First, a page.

The Minnesota Department of Transportation is warning motorists to watch out for roads that might buckle without warning.
MnDOT spokesman Kent Barnard said the heat and humidity had caused pavement to heave on some Twin Cities metro highways.
Monday afternoon lanes were closed in I-94 in Minneapolis and St. Paul. Barnard said heat damaged roads in more than 20 places.
Barnard said he has not heard of accidents associated with buckling pavement. But he'd heard reports of damage to cars.
Older concrete highways are more prone to heave up, as debris fills the cracks between the panels, leaving no place for the pavement to expand.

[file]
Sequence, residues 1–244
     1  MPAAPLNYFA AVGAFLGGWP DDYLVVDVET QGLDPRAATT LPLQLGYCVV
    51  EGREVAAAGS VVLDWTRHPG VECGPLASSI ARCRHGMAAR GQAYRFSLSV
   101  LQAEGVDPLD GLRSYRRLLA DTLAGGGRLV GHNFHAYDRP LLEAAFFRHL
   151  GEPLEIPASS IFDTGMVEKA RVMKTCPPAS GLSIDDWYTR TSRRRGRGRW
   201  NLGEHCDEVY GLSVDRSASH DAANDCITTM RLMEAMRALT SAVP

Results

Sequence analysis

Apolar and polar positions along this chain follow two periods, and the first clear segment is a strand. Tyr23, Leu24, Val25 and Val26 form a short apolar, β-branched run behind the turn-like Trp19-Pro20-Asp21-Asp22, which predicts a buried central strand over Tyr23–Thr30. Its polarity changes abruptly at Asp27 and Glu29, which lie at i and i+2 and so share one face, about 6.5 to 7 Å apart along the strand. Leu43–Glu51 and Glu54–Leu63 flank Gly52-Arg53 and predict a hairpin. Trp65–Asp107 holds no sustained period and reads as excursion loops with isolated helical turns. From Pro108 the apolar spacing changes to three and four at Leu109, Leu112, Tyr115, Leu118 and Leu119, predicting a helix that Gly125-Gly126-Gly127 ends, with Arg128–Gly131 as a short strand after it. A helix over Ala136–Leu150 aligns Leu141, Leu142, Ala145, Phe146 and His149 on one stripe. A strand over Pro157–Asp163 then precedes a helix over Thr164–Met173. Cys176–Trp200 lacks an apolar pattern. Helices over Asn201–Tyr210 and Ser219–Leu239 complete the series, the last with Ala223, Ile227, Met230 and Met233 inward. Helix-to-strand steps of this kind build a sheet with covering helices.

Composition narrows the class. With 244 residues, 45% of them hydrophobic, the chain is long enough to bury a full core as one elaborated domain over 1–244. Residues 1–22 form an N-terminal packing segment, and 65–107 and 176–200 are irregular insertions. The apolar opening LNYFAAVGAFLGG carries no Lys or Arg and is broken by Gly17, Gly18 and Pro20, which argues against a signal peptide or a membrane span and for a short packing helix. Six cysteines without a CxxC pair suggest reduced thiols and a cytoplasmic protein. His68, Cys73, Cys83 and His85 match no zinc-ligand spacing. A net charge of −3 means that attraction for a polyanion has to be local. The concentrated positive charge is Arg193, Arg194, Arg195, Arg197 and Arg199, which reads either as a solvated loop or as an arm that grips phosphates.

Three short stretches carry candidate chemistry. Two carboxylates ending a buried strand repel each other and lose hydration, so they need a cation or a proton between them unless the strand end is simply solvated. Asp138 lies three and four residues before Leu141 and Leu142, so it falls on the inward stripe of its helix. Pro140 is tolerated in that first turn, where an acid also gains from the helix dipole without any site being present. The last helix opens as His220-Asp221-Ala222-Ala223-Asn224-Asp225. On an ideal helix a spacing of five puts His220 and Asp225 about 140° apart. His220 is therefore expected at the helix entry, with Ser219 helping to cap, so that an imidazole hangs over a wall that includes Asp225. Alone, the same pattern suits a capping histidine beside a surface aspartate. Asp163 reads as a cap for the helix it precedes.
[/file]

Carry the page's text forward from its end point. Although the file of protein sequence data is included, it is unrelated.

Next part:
"The natural expansion places are filled up and so there is no place for that pavement to expand," Barnard said. "And the stress of that expansion looks for the weakest area. It could be another crack in the pavement or it could happen real close to where the expansion joint actually is."
There's no way to predict exactly where pavement will heave. Barnard said motorists should watch the road and not tailgate.
While the roads are still prone to buckle yet through the evening, Barnard said they should be better by the Tuesday morning commute.